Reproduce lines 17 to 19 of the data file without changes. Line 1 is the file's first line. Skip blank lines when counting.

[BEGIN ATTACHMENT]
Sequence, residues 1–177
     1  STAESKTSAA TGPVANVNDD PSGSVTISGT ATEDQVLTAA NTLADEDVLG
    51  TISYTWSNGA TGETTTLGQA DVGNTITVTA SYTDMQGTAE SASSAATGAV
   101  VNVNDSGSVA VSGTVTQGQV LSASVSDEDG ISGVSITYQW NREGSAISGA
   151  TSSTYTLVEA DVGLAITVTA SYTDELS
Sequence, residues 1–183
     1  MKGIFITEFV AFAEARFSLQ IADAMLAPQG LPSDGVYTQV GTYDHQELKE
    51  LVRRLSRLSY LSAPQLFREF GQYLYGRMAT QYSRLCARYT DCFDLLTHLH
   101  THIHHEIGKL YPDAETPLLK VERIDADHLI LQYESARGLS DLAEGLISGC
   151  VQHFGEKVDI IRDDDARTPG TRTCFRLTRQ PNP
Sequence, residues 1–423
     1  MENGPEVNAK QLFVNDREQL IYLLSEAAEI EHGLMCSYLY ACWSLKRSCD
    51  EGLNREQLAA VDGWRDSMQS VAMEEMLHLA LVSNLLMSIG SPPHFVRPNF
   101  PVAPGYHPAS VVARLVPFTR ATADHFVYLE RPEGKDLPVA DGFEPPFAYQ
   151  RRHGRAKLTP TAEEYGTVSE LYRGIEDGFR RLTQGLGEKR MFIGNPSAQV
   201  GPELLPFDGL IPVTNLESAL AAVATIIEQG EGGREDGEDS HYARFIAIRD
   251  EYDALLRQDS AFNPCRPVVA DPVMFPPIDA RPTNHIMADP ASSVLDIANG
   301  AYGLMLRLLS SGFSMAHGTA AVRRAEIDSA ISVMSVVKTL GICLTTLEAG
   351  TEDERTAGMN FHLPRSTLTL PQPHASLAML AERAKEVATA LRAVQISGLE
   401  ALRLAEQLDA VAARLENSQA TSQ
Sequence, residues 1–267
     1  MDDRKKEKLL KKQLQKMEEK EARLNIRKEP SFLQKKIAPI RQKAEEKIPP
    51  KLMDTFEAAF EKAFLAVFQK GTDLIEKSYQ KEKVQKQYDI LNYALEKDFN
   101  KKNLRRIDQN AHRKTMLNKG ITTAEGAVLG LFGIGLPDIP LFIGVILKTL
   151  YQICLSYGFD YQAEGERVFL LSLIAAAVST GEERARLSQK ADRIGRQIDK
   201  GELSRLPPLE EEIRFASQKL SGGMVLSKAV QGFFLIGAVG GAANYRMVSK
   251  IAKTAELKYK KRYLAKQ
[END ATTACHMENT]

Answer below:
   251  EYDALLRQDS AFNPCRPVVA DPVMFPPIDA RPTNHIMADP ASSVLDIANG
   301  AYGLMLRLLS SGFSMAHGTA AVRRAEIDSA ISVMSVVKTL GICLTTLEAG
   351  TEDERTAGMN FHLPRSTLTL PQPHASLAML AERAKEVATA LRAVQISGLE